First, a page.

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Alaska paratroopers get a secret weapon for the arctic: beards

The 11th Airborne just finished an Alaska-based exercise at the Joint Pacific Multinational Readiness Center in late February.
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A major cold weather training exercise wrapped up in Alaska with a long list of lessons and new ideas, said Maj. Gen. Brian Eifler commander of the 11th Airborne division. One of them: beards.

Soldiers may not have to shave when they’re deployed in the Arctic, the Army’s commanding general for the Alaska-based 11th Airborne Division said Monday.

The comments came from Maj. Gen. Brian Eifler, the commander of the Alaska-based 11th Airborne, who discussed lessons learned from a recent large exercise the division participated in at the Joint Pacific Multinational Readiness Center‘s Alaska facilities in late February.

“A lot of our guys had a long, unclean, shaven face. It’s just one of those things you got to do in the environment to limit your exposure to cold weather injuries,” Eifler said. Shaving, he said, requires a fuel source to boil water in extreme cold and removes natural oils that protect exposed skin at low temperatures. Arctic troops had found, he said, that it’s “very bad to pull that layer of skin off.”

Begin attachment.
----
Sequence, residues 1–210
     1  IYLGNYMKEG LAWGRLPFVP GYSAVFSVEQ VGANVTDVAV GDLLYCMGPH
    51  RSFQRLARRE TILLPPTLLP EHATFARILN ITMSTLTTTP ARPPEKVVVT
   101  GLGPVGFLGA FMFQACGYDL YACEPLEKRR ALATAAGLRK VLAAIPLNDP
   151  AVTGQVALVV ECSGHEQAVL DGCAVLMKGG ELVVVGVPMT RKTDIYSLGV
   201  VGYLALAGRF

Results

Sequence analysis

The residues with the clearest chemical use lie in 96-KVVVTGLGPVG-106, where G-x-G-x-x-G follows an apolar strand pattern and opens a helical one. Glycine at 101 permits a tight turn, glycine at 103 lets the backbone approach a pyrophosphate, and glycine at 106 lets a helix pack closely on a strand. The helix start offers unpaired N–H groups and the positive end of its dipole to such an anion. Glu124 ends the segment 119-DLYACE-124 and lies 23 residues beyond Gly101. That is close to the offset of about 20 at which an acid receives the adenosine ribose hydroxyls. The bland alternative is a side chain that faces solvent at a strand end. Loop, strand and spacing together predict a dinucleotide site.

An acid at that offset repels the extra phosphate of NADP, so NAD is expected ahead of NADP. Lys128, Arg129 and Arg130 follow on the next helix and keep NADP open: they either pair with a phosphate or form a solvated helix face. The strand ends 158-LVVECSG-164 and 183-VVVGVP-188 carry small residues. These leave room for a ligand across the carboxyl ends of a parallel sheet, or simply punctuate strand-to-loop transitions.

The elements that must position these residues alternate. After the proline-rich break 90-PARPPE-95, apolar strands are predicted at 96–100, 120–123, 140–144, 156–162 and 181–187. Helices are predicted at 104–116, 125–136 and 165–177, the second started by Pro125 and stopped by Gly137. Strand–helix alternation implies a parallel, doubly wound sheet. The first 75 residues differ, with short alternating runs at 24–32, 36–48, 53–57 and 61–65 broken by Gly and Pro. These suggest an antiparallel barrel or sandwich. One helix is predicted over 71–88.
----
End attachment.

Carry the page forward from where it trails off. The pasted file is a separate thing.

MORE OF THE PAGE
The exercise at the JPMRC was a major step forward in the Army’s push to review service doctrines for Arctic strategy, operating in cold weather environments and general training in cold conditions. 

“What works for say, something that’s more like zero to 10 degrees or 10 to 23 is going to be very, very different – maybe not as effective or effective at all here. When you start talking negative-10 to negative-20 plus, you’re talking about wind chills, and things like that,” 11th Airborne Division spokesperson Maj. Leah Ganoni told Task & Purpose.

The exercise was also part of what the Department of Defense believes is a deterrence to larger scale conflict. and improve the U.S. military posture for strategic competition with Russia in the Arctic. The National Defense Strategy has called out the strategic importance of the Arctic both politically and economically as a hub of maritime trade and natural resources

In January, the Army’s lead general for Army Pacific Command, Gen. Charles Flynn described the need for “arctic-capable” forces in the Indo Pacific region.

“We’re just doing things in plain sight quite honestly because as Gen. Flynn likes to say, we don’t want war,” Eifler said. “The advent of the 11th Airborne Division in the Indo Pacific and in the Arctic is another message to our potential adversaries of: we’re taking this seriously.”

Problems with Technology

Eifler highlighted the challenges of operating in sub-zero temperatures and acclimating to the Arctic climate. The exercise involved troops carrying ice blocks to melt into water for drinking and soldiers delivering messages between units via snowmobile due to degraded communication technologies.